With micro-blogs becoming a powerful way for citizens to express themselves outside of traditional media controls, officials in China are urging more forceful and effective controls over micro-bloggers. The Associated Press reports:
Wang Chen, head of the State Internet Information Office — a government body set up this year to supervise online content — also urged officials to use the web to “guide public opinion and promote positive social values”.
“All regions and departments must… use more forceful and effective measures to strengthen the construction and management of cyber culture,” he was quoted as saying by the official Xinhua news agency late Saturday.
With more than half a billion Chinese now online, authorities in Beijing are concerned about the power of the Internet to influence public opinion in a country that maintains tight controls on its traditional media outlets.
Large-scale strikes have hit China in recent weeks, as workers resentful about low salaries or layoffs face off with employers juggling high costs and slowing exports — news that quickly spreads round the country via the web.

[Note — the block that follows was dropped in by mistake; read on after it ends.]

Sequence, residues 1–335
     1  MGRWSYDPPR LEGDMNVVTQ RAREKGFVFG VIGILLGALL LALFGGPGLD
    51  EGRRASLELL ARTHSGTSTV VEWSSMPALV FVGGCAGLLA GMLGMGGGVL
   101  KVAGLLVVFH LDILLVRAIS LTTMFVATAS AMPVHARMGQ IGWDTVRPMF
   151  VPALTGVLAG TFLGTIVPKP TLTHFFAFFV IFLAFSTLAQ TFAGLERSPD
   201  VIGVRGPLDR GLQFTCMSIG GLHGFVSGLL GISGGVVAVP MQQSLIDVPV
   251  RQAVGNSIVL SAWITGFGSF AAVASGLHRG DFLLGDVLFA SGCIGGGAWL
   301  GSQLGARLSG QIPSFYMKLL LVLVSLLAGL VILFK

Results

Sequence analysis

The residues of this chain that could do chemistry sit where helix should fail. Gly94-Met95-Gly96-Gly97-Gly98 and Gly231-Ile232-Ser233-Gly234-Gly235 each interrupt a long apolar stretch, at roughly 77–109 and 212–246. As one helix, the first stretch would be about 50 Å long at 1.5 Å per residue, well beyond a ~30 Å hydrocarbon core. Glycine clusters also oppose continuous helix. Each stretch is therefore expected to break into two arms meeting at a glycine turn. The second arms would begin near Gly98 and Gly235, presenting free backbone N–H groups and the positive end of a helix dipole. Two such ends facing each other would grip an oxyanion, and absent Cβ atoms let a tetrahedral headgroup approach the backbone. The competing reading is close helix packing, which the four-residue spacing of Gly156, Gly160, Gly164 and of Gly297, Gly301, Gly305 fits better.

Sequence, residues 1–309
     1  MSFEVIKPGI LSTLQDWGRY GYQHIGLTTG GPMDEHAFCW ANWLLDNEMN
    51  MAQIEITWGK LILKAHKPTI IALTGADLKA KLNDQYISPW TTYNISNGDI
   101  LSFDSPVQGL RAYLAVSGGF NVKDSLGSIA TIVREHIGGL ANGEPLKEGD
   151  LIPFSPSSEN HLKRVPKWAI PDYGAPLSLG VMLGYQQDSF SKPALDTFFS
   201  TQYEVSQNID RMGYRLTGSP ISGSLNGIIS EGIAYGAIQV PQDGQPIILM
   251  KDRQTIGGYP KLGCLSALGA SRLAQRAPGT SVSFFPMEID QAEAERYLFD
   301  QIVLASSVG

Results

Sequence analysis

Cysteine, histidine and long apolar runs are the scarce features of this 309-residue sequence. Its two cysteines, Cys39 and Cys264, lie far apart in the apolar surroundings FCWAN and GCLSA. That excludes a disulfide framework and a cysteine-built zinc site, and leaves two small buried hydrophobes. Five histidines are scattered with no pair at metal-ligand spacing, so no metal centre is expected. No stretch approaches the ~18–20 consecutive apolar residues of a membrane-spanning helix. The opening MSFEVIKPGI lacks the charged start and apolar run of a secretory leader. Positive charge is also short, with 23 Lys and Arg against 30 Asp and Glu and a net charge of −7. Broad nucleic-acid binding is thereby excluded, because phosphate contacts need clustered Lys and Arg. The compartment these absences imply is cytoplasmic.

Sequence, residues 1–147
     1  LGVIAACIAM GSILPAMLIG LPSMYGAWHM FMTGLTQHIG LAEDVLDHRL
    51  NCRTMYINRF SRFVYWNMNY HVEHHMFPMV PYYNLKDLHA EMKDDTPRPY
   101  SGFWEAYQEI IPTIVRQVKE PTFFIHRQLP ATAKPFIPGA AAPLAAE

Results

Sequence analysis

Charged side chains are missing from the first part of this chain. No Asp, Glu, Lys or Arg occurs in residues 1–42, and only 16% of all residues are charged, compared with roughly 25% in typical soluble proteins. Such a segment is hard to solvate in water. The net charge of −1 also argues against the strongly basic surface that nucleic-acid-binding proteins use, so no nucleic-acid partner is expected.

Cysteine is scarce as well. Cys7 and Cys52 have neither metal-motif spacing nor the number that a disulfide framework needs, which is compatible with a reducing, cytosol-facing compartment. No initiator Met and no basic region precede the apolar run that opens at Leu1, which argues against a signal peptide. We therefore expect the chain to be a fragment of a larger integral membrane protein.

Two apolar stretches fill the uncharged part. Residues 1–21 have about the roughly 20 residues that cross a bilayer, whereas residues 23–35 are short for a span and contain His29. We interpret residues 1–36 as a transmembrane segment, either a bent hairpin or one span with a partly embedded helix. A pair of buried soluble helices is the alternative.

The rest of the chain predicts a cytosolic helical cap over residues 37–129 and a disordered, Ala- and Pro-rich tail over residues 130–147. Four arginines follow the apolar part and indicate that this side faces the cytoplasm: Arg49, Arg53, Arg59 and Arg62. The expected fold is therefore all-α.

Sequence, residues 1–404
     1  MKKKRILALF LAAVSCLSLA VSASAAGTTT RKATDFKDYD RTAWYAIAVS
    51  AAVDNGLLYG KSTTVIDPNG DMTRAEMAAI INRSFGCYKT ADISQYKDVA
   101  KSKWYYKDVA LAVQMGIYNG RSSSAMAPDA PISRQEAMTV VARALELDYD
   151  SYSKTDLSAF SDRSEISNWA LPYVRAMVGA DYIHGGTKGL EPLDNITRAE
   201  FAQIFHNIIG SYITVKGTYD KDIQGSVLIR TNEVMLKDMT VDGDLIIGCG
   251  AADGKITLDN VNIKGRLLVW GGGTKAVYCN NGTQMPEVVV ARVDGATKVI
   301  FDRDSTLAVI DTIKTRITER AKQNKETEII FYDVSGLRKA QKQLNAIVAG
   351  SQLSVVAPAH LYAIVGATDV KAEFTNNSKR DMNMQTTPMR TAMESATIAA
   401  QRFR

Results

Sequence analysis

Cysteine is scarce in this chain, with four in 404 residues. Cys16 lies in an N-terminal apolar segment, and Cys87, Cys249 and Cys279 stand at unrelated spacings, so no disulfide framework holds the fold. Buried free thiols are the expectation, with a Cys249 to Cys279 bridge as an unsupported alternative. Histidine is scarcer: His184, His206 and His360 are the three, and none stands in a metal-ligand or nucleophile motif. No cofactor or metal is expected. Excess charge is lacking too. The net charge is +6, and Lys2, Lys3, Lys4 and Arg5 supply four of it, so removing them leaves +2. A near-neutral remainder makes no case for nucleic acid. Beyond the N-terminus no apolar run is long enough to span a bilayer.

China Media Project translates comments by Wang Chen in People’s Daily on “Actively Carrying Out Public Opinion Channeling Work”:
As we actively encourage various aspects [on the government side, intellectuals, member of the public etc.] to actively use microblogs to serve society, we must recognize that there are a number of problems involved in the use of microblogs that must be settled urgently. A small number of people use microblogs to fabricate and disseminate rumors, or to transmit obscene or vulgar information, intentionally violating the rights of others and carrying out illegal online public relations [activities]. These must be investigated and handled according to laws and regulations. When they are online, internet users must obey the law and discipline themselves, not transmitting rumors and not believing rumors. Various microblogging sites must strengthen their management of information posting, not providing a transmission channel to illegal or harmful information.. [We] invite the online masses to actively notify [authorities] of obscene or other harmful information, so that together we can create a creditable, healthy and civilized internet environment.
For more on recent concerns over increasing social unrest, see China Leader Warns About Social Unrest Due to Economy via CDT.